Algernon: Yes; but this isn't your cigarette case. This cigarette case is a present from some one of the name of Cecily, and you said you didn't know any one of that name.
Jack: Well, if you want to know, Cecily happens to be my aunt.
Algernon: [Retreating to back of sofa] But why does she call herself little Cecily if she is your aunt and lives at Tunbridge Wells? [Reading] "From little Cecily with her fondest love."
Jack: [Moving to sofa and kneeling upon it] My dear fellow, what on earth is there in that? Some aunts are tall, some aunts are not tall. That is a matter that surely an aunt may be allowed to decide for herself. You seem to think that every aunt should be exactly like your aunt! That is absurd! For Heaven's sake give me back my cigarette case. [Follows Algernon round the room.]
Algernon: Yes. But why does your aunt call you her uncle? "From little Cecily, with her fondest love to her dear Uncle Jack." There is no objection, I admit, to an aunt being a small aunt, but why an aunt, no matter what her size may be, should call her own nephew her uncle, I can't quite make out. Besides, your name isn't Jack at all; it is Ernest.
Jack: It isn't Ernest; it's Jack. (I.62-69)
Jack lies to cover up his double life. A simple white lie that he doesn’t know anyone named "Cecily" gets him into an incredibly messy situation. When he’s forced to admit he does know a "Cecily," he tries to pass her off as his aunt. But Algy, a fellow Bunburyist, eventually sniffs it all out and forces Jack to confess. What is most surprising is that Jack seems to have no shame about the lies he’s been feeding to Algernon for years.
Jack: […] When one is placed in the position of guardian, one has to adopt a very high moral tone on all subjects. It's one's duty to do so. And as a high moral tone can hardly be said to conduce very much to either one's health or one's happiness, in order to get up to town I have always pretended to have a younger brother of the name of Ernest, who lives in the Albany, and gets into the most dreadful scrapes. (I.83)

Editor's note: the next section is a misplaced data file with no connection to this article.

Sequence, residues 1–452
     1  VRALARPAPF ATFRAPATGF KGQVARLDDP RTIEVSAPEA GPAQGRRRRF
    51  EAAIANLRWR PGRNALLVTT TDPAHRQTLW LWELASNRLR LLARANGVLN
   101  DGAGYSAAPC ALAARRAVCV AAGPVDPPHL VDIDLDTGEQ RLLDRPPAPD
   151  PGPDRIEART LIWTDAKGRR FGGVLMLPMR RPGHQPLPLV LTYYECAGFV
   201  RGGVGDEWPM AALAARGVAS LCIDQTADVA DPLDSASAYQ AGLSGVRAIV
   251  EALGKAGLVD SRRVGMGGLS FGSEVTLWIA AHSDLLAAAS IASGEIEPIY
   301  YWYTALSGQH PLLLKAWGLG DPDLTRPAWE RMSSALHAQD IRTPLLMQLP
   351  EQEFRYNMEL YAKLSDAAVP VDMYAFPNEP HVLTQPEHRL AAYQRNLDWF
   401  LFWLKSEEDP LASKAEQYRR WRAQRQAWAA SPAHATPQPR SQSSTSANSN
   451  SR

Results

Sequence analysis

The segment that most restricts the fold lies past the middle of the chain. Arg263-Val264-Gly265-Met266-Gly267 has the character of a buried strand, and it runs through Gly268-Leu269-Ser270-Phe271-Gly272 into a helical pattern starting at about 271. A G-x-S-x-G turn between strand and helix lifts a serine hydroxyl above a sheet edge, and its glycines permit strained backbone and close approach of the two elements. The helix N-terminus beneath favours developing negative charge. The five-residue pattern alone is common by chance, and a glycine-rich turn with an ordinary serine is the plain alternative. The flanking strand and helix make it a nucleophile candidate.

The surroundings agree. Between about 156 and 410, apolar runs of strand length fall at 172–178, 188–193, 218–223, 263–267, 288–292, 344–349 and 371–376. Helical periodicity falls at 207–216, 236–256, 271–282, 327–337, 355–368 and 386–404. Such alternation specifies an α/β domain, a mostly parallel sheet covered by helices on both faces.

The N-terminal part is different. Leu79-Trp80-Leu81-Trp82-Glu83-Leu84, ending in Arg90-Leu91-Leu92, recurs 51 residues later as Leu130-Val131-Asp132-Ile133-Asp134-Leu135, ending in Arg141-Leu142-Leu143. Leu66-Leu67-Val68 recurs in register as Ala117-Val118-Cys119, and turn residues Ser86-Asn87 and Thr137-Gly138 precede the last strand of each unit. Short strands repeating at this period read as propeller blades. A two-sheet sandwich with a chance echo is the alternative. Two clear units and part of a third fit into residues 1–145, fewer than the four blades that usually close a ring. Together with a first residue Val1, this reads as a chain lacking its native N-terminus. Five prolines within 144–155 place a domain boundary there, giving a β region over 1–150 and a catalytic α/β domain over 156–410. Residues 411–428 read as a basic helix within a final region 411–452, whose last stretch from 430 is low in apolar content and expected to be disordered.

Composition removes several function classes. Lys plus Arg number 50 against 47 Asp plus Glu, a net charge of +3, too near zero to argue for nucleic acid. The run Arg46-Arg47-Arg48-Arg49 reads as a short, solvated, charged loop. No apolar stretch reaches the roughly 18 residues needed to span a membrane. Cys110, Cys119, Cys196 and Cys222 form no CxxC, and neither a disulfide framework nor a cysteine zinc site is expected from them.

Jack reveals the reason behind his deceit. His life is torn between duty and pleasure. Being dutiful is excessively boring to Jack, so he created his younger brother, Ernest. With Ernest, he has a means of escaping the drab life of a legal guardian into the more interesting world of a social London.
Algernon: You have invented a very useful younger brother called Ernest, in order that you may be able to come up to town as often as you like. I have invented an invaluable permanent invalid called Bunbury, in order that I may be able to go down into the country whenever I choose. Bunbury is perfectly invaluable. If it wasn't for Bunbury's extraordinary bad health, for instance, I wouldn't be able to dine with you at Willis's to-night, for I have been really engaged to Aunt Augusta for more than a week. (I.88)
Bunbury is Algernon’s version of Ernest. Like Jack, Algernon also uses excuses about Bunbury to get out of familial responsibilities—like dining with his Aunt Augusta. He practices deceit, like Jack, to avoid unpleasant situations and create more pleasant ones for himself.
Cecily: Miss Prism has just been complaining of a slight headache. I think it would do her so much good to have a short stroll with you in the Park, Dr. Chasuble.
Miss Prism: Cecily, I have not mentioned anything about a headache. (II.21-22)
Cecily makes up false facts to get out of doing her lessons and to encourage a relationship between Miss Prism and Dr. Chasuble. The success of her deceit depends on her ability to read people; the fact that she does get Miss Prism and Dr. Chasuble to leave her is a testament to her powers of persuasion. Although her deceit is not as serious as Jack’s or Algernon’s, she lies for the same reasons—to get out of tedious or unpleasant situations. This makes her a perfect match for Algernon.
Cecily: Your brother Ernest…arrived about half an hour ago.